HHMI Professor Graham Walker delivers Plenary Address on Science Education at AAAS 2011!

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February 2011

Watch Professor Walker’s AAAS 2011 Plenary Lecture*:  Inspiration and Engagement in Education

Professor Graham Walker delivers plenary address at the AAAS 2011 Annual Meeting on February 21, 2011.

In his plenary address entitled Inspiration and Engagement in Education, delivered to the AAAS 2011 Annual Meeting in Washington, D.C. on February 21, 2011, HHMI Professor Graham Walker discussed research as a core element in science education.

Graham shared with the audience one of his dearly held educational goals: to teach students “how to see things that I didn’t know were there.” He offered several examples of discoveries made by students in inquiry-based undergraduate Project Laboratories at MIT that have led to new avenues of original research.

Graham talked about the importance of nurturing the incredible heterogeneity of learning styles to promote individuality among students. He drew a striking analogy between science education and the levels of resolution that can be achieved in bulk-experiments versus single-molecule experiments: “I think so often when we talk about education and we do assessments of education, it’s like doing bulk experiments in biochemistry. You can, for example, measure how much DNA has been replicated as a function of time, you can do it with great accuracy, standard deviations, the whole nine yards… but in recent years, people have been able to carry out single-molecule experiments and you get a different look at what’s going on because you can see the behavior of individual molecules within a population… and I’m struck by how much it’s like teaching”, marveled Graham. While hopefully all of the students in a class are heading in the same direction, recognizing the heterogeneity that exists in classrooms helps educators to identify the students that start out slow before taking off and the students that may need some extra help.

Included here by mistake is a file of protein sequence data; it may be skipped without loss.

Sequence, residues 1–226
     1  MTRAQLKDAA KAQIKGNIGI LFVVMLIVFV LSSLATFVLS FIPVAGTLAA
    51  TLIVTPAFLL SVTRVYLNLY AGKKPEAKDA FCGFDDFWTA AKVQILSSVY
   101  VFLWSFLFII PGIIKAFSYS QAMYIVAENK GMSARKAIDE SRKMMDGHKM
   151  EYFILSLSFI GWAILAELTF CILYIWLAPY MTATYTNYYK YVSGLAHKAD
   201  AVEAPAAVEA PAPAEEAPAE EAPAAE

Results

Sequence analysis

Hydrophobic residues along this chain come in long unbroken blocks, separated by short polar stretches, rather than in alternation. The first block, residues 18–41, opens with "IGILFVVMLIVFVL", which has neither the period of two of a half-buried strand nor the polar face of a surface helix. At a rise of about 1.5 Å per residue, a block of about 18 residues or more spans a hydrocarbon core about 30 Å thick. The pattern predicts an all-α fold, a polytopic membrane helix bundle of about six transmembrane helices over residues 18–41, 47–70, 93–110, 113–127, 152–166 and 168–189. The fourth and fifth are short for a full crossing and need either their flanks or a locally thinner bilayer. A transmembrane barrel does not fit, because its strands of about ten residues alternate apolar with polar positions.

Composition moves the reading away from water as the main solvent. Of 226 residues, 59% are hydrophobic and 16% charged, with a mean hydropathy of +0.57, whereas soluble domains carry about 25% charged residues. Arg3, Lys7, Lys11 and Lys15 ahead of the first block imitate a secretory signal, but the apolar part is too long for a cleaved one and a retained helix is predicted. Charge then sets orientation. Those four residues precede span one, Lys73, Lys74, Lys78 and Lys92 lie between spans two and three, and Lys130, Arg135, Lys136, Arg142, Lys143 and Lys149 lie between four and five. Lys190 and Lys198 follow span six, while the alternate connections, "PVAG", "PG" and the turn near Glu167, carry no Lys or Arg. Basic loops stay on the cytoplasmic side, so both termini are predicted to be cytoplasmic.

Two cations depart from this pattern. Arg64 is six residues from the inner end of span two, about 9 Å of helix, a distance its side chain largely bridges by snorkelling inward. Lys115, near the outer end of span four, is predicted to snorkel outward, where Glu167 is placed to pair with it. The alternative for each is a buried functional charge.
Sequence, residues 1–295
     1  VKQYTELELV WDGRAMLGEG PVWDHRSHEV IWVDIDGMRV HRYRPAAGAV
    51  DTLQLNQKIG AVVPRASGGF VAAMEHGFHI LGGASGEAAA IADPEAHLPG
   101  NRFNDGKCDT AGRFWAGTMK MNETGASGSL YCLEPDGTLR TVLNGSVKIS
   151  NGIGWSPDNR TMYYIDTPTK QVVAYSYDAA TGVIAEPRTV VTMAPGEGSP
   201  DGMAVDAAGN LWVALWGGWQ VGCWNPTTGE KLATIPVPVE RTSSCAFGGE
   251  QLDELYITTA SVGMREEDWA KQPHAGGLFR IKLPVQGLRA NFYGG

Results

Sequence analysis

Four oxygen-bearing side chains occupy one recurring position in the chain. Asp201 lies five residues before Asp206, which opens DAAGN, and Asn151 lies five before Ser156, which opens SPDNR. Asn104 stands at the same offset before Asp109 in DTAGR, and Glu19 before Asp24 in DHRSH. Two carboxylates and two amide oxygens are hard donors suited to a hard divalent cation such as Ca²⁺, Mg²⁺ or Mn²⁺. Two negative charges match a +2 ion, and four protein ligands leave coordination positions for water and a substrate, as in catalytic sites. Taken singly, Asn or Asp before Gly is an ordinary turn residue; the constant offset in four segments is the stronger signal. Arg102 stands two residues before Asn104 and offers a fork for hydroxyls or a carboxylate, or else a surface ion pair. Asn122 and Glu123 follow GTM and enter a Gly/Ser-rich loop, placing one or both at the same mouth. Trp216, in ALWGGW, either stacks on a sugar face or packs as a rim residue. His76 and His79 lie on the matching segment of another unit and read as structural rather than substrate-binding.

Professor Walker tries to find something that will light a flame in each student.

The importance of helping students to see science “as a human endeavor” was another key topic. Graham feels that he would be doing his students a disservice if he left them thinking that “Watson and Crick, two young geniuses, sat down with some X-ray diffraction data and out came the structure.”  Instead, Graham walks his students through the “misadventures and missteps” that these researchers went through on their way to unraveling the structure of DNA. Graham went on to describe how he talks with his students about the human and societal complexities that are an integral and unavoidable component of research.

Professor Walker drew an analogy between heterogeneity among students and the heterogeneity observed in experiments that have single-molecule resolution, such as Professor Joe Loparo’s work at Harvard University to visualize replication of single molecules of DNA.

Graham highlighted work accomplished by members of his HHMI-supported Education Group, first established in 2002 and now active again, including the development of educational software tools such as StarGenetics and StarBiochem. Graham also summarized the science education initiatives of colleagues in the Society of HHMI Professors, pointing to the work of HHMI Professors Rich Losick (Harvard University), Isiah Warner (Louisiana State University), Jo Handelsman (Yale University), Scott Strobel (Yale University), Utpal Banerjee (University of California–Santa Cruz), and Graham Hatfull (University of Pittsburgh).

Graham also gave an inspiring demonstration of the value of OpenCourseware (OCW) resources. He shared with the audience a letter that he recently received from Mr. Brandon Adams, an individual who has made remarkable use of the Introductory Biology (Course 7.014) materials available through MIT OCW resources. Although Mr. Adams has no formal education in Biology, his independent studies using OCW resources have enabled him to secure a laboratory research position that would normally be reserved for someone holding a bachelor’s degree.

Like other faculty at major research universities, Graham admits to “walking the tightrope trying to balance research and teaching” in his career. But he adamantly declares that it is possible to build an extraordinarily productive and fulfilling career on that tightrope. Graham encouraged members of the audience to find opportunities for productive synergy between their teaching and research. “There are so many times that teaching and research can be synergistic, if you give them a chance.”

* Video published online with the permission of AAAS *2011.